Do you want to live in a community in which we can all age with dignity and live free from abuse?
That’s the question we should ask ourselves this World Elder Abuse Awareness Day, June 15.
The answer seems obvious, but far too many are denied these fundamental rights because of social isolation, which puts older people in our community at risk of elder abuse. A recent survey conducted in Delaware County found that three out of every 100 older adults have felt abused. Eight out of every 100 have been a victim of a financial scam.
Elder abuse is a broad term, and is often misunderstood. It includes physical, emotional and sexual abuse, as well as exploitation, neglect and abandonment. The consequences are grave — older adults who are abused are twice as likely to be hospitalized, four times as likely to go into nursing homes, and three times as likely to die.
Our communities are at higher risk of elder abuse when they’re weak or fragmented — when we don’t know each other well or regularly interact with each other. If neighbors don’t greet each other or chat about the weather, they aren’t likely to express concern when the mail piles up next door or they overhear an angry dispute.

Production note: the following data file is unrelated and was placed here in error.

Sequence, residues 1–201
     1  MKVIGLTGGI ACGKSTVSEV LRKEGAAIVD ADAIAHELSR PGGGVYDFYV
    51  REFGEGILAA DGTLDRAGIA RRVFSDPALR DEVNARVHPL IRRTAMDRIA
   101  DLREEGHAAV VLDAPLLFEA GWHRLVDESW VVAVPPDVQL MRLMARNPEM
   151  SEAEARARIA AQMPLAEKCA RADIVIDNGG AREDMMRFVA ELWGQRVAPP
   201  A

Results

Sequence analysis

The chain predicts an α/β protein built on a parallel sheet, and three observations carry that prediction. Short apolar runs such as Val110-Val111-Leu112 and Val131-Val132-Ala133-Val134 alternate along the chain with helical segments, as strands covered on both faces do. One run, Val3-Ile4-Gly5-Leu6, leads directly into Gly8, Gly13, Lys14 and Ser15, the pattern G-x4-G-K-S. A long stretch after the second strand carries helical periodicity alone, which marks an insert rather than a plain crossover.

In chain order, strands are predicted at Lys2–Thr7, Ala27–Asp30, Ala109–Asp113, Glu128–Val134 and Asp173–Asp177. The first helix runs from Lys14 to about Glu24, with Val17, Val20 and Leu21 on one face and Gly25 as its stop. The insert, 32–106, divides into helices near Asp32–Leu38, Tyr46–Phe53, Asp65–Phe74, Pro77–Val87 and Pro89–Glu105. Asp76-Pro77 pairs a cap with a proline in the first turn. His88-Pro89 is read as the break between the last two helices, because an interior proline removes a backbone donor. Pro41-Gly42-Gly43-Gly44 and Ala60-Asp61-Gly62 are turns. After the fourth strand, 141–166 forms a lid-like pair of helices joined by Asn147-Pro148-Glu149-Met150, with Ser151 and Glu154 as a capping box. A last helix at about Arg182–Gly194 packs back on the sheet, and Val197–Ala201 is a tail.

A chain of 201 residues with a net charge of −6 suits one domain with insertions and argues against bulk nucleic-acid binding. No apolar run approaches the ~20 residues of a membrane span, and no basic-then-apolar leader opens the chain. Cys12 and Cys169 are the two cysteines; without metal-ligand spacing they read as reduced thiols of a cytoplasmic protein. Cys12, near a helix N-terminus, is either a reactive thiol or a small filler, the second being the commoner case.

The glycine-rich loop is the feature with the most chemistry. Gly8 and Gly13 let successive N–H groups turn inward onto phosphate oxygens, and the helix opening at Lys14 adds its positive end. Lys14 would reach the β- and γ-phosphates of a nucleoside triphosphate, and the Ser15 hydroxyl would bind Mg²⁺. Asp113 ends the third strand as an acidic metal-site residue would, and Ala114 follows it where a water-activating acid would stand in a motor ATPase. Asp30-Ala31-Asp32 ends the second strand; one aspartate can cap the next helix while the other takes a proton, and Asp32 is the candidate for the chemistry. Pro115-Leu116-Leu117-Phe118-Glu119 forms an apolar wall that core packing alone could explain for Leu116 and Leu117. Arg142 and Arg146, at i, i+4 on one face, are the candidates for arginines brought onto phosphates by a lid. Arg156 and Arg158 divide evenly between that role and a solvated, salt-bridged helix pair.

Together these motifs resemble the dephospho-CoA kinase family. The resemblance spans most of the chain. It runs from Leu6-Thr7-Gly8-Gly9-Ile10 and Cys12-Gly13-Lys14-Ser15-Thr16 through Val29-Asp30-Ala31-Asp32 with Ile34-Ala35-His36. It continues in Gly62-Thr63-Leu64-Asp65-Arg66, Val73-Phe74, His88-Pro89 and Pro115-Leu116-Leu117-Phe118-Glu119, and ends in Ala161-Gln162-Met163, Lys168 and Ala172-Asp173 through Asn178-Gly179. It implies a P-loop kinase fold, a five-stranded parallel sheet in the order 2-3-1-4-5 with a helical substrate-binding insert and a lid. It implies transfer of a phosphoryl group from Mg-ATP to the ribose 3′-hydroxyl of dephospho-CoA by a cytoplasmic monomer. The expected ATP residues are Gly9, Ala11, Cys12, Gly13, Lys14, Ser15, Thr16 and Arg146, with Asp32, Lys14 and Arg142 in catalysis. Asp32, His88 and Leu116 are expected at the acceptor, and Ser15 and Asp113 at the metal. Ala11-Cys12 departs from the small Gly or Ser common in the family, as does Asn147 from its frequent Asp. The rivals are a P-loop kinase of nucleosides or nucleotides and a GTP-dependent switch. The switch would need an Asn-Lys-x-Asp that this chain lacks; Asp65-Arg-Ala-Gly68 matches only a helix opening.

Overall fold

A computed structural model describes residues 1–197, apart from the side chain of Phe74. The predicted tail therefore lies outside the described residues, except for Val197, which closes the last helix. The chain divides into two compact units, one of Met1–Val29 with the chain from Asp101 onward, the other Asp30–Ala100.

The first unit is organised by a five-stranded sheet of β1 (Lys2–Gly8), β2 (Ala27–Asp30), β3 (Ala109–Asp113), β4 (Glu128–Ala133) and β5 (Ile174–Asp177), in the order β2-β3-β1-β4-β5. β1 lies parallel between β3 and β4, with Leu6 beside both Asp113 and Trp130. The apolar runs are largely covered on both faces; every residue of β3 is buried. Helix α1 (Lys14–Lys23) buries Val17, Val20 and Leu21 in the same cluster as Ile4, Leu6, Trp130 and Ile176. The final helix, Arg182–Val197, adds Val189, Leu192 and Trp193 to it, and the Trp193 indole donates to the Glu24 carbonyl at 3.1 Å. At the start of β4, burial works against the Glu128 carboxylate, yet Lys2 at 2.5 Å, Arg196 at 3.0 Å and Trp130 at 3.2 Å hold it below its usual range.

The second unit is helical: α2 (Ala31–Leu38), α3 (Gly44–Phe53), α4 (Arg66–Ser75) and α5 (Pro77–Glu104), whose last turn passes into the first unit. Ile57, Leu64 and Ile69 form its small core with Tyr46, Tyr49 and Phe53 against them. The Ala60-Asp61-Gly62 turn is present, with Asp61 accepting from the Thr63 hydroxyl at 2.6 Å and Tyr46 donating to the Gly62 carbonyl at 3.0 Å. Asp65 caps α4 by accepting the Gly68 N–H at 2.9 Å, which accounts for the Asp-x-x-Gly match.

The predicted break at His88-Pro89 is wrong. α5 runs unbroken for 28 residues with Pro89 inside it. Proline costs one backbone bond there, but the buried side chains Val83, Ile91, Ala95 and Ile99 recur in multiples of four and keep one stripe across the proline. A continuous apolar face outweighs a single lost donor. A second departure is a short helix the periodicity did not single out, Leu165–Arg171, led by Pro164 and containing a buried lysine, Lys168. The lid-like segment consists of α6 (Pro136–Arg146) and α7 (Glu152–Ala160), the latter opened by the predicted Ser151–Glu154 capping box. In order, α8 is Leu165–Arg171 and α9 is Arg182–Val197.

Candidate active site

We all depend on our communities, but barriers still exist. Immigrants and ethnic minorities face unique hurdles to fitting into a community. Differences in language, religion, and cultural traditions contribute to the vibrancy of our society. However, when they’re misunderstood or unappreciated, they weaken our communities, putting families at higher risk of elder abuse.
We must come together today — and every day — to do right by ourselves and each other.
Creating supportive, inclusive communities is essential to preventing elder abuse. When differences are valued, they bring together cultures and strengthen connections across generations. United communities are better able to weather difficulties that may come with age, from memory loss and reduced mobility to changing family roles and financial strain. Embracing ethnic and cultural diversity not only increases community vitality, it also protects all people against elder abuse and helps us live up to our national ideal of justice for all.
Here are five simple steps everyone can take to strengthen our communities and prevent elder abuse:
1. Listen to older adults and caregivers to understand their challenges and provide support.
2. Educate one another about the signs of abuse and how to get help.
3. Report suspected abuse or neglect immediately. (Delaware County Adult Protective Services: 740-833-2340. Callers are able to make anonymous reports, and multiple reports from sources with firsthand knowledge can be beneficial to authorities.)
4. Build a community that fosters social connections and supports.
5. Reach out to professional services for support.
Karen Waltermeyer is the client services manager at SourcePoint. Learn more at MySourcePoint.org or call 740-363-6677.